torsdag, november 17, 2005

Another view about gender-inclusive language

I am old enough to have been taught that the masculine third person singular was a gender-inclusive form. The issue was raised, and unambiguously answered. There are problems with it, to put it mildly, chief among them that masculine-only is not "gender neutral," and therefore fails in its manifest purpose. That this was its manifest purpose, however, whatever its degrading latencies, is undeniable.

I had a brace of women's studies students one year, however, who were deliberately taught that the masculine-only third person pronoun was intentionally not gender-inclusive. These students therefore refused to read an article from the 60s - on music at college parties, for heaven's sake. I explained the custom of the time, admitted its undeniable irritation, and asked that they make the appropriate allowances, holding their nose if need be. Again they refused, telling me that this was a clear case of intentionally sexist, gender exclusive usage.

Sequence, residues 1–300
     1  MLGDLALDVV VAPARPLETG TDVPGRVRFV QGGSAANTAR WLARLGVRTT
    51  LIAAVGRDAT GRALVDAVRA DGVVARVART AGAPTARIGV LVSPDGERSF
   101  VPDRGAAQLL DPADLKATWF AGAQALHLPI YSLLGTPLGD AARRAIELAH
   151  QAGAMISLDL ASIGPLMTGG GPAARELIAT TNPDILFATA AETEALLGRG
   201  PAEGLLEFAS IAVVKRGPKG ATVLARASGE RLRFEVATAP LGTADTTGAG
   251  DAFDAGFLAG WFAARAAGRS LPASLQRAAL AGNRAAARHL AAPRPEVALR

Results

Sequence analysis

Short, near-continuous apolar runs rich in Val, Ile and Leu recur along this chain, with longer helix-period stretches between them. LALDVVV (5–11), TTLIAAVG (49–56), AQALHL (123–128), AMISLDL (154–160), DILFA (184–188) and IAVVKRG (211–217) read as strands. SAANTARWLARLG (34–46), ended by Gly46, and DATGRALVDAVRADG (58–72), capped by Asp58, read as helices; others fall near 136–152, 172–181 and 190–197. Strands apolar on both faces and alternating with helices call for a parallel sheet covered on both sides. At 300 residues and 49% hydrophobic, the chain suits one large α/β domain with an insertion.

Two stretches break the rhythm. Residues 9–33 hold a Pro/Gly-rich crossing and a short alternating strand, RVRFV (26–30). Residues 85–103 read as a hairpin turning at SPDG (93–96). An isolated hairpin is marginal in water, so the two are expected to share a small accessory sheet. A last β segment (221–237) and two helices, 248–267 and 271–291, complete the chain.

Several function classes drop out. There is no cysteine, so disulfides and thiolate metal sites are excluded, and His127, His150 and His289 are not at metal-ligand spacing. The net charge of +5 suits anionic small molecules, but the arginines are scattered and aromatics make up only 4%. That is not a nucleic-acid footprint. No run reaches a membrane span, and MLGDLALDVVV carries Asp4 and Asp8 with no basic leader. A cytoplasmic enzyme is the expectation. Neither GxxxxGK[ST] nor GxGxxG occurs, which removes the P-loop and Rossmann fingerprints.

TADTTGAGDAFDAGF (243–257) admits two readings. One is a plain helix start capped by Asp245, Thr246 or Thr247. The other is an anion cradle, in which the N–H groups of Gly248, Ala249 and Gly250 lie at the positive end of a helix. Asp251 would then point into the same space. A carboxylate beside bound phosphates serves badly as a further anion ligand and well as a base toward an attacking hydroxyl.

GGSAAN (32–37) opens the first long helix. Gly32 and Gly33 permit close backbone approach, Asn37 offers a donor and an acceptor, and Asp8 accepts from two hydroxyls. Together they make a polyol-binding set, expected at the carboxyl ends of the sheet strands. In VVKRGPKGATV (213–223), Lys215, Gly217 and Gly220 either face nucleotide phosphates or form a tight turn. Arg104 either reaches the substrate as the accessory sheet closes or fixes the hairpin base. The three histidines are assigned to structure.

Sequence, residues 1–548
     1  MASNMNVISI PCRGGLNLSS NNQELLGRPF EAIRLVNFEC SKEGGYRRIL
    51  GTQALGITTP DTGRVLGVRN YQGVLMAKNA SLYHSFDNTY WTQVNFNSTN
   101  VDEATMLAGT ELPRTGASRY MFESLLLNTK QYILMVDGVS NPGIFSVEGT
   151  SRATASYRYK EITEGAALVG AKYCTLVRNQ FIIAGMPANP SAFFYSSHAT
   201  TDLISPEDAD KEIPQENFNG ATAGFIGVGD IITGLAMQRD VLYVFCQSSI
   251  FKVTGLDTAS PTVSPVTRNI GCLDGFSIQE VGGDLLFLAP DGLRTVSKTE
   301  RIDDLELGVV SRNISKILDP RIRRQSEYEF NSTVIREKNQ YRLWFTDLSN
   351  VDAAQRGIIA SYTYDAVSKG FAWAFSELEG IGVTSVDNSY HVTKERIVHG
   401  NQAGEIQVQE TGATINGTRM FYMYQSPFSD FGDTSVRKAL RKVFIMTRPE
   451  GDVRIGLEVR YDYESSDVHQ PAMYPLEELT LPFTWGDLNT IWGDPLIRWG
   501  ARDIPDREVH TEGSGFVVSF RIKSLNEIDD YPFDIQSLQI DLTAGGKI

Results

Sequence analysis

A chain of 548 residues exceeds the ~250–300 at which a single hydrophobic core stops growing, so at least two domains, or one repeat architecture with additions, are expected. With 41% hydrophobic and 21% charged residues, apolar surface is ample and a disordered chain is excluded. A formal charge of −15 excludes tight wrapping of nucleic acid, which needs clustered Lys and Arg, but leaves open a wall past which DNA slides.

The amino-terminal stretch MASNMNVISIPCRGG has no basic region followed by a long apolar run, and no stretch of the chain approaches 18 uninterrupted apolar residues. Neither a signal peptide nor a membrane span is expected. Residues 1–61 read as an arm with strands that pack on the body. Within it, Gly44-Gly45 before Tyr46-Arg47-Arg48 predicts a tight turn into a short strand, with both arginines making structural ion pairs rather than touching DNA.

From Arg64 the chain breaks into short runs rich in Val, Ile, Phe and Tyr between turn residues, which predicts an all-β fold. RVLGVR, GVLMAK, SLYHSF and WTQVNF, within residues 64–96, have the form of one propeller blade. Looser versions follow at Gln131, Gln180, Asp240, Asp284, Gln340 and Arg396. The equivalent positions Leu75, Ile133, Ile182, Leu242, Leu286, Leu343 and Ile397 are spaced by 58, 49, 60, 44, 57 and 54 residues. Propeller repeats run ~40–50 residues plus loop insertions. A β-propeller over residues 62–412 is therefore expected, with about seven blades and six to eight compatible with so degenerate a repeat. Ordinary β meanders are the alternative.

I asked where they got this idea. They told me their WS teacher said that the masculine third person singular was never considered gender neutral. I asked if this instructor was old enough to remember this first-hand? No, but she, quote, "just knew."

At this I exploded, and called her a goddamn liar. They ran to her, and petitioned the chair not to have to read the article (on the basis that it was insulting to them as women). I prepared a simple affidavit, to be distributed and signed by all faculty over 50: "I was taught that third person masculine usage is not gender inclusive." I said that if a single faculty member signed it, I would resign, and return my salary for the year. That was the end of that.

[and this was written by MW, in a discussion in another forum]

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